The UN established a mandate in September 1993 to assist in the effort to democratize the government, professionalize the armed forces, create and train a separate police force, and establish an environment conducive to free and fair elections. The UN effort focused on advising, training, and providing the necessary support to achieve the goals set by the mandate. After a series of incidents, the UN and other international agencies left Haiti in October 1993 due to the instability created by the transitional government and the inability to move forward with the UN goals of reinstituting democracy.8

The situation in Haiti continued to decline; diplomacy and economic sanctions had no effect. The United States saw no other option than to initiate military action to reinstate President Aristide. It began "Operation Uphold Democracy" on 19 September 1994 with the alert of U.S. and allied forces for a forced entry into Haiti. U.S. Navy and Air Force elements deployed for staging to Puerto Rico and southern Florida. An airborne invasion was planned, spearheaded by elements of U.S. Special Operations Command and the 82d Airborne Division.9

As these forces prepared to invade, a diplomatic team (led by former President Jimmy Carter, retired U.S. Senator Sam Nunn, and retired Chairman of the Joint Chiefs of Staff General Colin Powell) persuaded the leaders of Haiti to step down and allow Aristide to return to power. This effort was successful partly because the U.S. delegation was able to reference the massed forces poised to enter the country. At that point, the military mission changed from a combat operation to a peacekeeping and nation building operation with the deployment of a U.S.-led multinational force in Haiti. On 15 October 1994, Aristide returned to Haiti to complete his term in office. Aristide disbanded the Haitian army and established a civilian police force. Operation Uphold Democracy officially ended on 31 March 1995 when the United Nations Mission in Haiti (UNMIH) replaced it.10

The UN remained in Haiti through a series of mandates until 2004 to maintain a secure and stable environment and promote the rule of law. There were a number of positive developments during this period, including the growth of a multifaceted civil society, a political culture based on democratic values, and the first peaceful handover of power between two democratically elected presidents in 1996.11

However, in February 2004, during Aristide's second inconsecutive term as president, a violent rebellion broke out that led to Aristide's removal from office once more.12 Haiti again threatened international peace and security in the region, and the UN passed resolution 1542 on 30 April 2004, effectively establishing the United Nations Stabilization Mission in Haiti (MINUSTAH) on 1 June 2004. Its mandate even now is to support a secure and stable transitional government, the development of a political process focused on the principles of democracy, and the defense of human rights.13

The United Nations originally authorized MINUSTAH up to 6,700 military personnel, 1,622 police, 548 international civilian personnel, 154 volunteers, and 995 local civilian staff. On 13 October 2009, in an effort to curb illegal armed groups, accelerate their disarmament, and support the upcoming elections, the UN increased MINUSTAH's authorized strength to 6,940 military personnel and 2,211 police. Eighteen countries currently provide military personnel and 41 different countries provide police officers.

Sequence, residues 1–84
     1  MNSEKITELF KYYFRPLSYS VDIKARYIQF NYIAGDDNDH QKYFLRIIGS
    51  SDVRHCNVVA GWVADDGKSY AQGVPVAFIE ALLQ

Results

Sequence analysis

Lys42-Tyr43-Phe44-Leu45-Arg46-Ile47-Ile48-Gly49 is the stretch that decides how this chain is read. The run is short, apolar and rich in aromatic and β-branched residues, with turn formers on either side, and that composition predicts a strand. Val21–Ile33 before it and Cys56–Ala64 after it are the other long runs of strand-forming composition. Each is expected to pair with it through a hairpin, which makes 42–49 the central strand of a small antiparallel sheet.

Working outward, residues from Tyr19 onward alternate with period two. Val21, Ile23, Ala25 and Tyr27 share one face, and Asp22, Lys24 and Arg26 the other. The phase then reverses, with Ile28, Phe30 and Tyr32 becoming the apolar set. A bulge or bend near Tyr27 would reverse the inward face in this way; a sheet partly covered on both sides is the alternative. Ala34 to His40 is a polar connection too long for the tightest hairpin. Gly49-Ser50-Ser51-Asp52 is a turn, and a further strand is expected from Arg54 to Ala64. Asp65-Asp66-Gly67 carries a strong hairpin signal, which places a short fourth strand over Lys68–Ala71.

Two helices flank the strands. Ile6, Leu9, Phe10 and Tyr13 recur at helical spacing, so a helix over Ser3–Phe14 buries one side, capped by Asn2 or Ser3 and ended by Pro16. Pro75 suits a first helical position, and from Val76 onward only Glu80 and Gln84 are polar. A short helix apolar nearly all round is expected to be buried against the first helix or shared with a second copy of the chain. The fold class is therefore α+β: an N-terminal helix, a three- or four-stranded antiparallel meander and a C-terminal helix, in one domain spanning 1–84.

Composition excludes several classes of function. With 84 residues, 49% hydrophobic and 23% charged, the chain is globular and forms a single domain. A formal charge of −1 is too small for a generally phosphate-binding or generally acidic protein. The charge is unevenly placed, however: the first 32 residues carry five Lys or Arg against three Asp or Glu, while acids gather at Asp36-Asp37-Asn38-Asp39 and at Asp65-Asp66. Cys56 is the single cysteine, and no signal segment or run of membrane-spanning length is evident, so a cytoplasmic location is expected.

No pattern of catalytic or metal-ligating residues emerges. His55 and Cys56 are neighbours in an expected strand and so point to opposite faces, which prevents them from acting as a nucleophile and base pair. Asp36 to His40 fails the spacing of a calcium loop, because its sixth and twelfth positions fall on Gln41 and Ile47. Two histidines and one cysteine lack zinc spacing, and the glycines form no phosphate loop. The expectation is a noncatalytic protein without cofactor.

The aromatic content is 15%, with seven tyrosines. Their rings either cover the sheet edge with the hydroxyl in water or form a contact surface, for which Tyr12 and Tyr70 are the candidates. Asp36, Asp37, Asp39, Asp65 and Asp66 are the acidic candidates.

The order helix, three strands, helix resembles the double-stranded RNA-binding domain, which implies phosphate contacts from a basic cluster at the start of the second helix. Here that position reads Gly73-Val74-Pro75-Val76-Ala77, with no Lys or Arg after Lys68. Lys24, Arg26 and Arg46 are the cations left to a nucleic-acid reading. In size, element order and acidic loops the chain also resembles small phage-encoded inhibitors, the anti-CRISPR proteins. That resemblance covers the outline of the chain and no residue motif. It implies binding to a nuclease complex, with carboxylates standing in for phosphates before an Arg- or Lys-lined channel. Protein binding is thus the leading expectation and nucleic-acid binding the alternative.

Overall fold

MINUSTAH is under the civilian leadership of a special representative to the secretary general, with two deputies that oversee different aspects of the UN mission. The principal deputy is primarily responsible for the UN civilian police, human rights, justice, civil affairs, and electoral issues. The other deputy is responsible for humanitarian efforts on behalf of gender equality, children's rights, disarmament, demobilization, and reintegration, HIV/AIDS issues, and other UN agencies. The military force commander is also under the special representative's control. The military force consists of ten infantry battalions, two separate infantry companies, and eight specialized detachments (military police, engineers, aviation, medical, and logistics).14

Since 2004, MINUSTAH has created an environment of security and stability that has allowed the political transition to unfold. Haiti reminds us that security and development are inextricably linked and should not be viewed as separate spheres, because the absence of one will undermine progress in the other. To that end, the professionalizing of the Haitian National Police is close to reaching its goal of having 14,000 officers in its ranks by 2011. By mid 2009, over 9,000 police had been trained.15

Another measure of success has been the drastic decrease in the gang-related activity that threatened political stability. In Cité Soleil, the most infamous slum district in Haiti, MINUSTAH troops took over the main gang's operations center and transformed it into a health clinic, which now offers free services to the community. This new level of security, established in 2007, allows agencies and nongovernmental organizations (NGOs) to approach, assess, and provide assistance without the threat of gang violence.16

The senate elections in April 2009 marked another step in Haiti's democratic development. MINUSTAH is credited for its continued support to Haiti's electoral process and assisting the Government of Haiti in intensifying its efforts to promote a political dialogue in which all voices can speak and be heard.17

Haiti postponed legislative elections set for February 2010 due to the disastrous effects of the earthquake and has scheduled presidential elections for November 2010. President Préval, who was elected a second time in 2006, said he would not seek office again after his term expires in February 2011, as he has already served two five-year terms, the limit set by Haitian law.18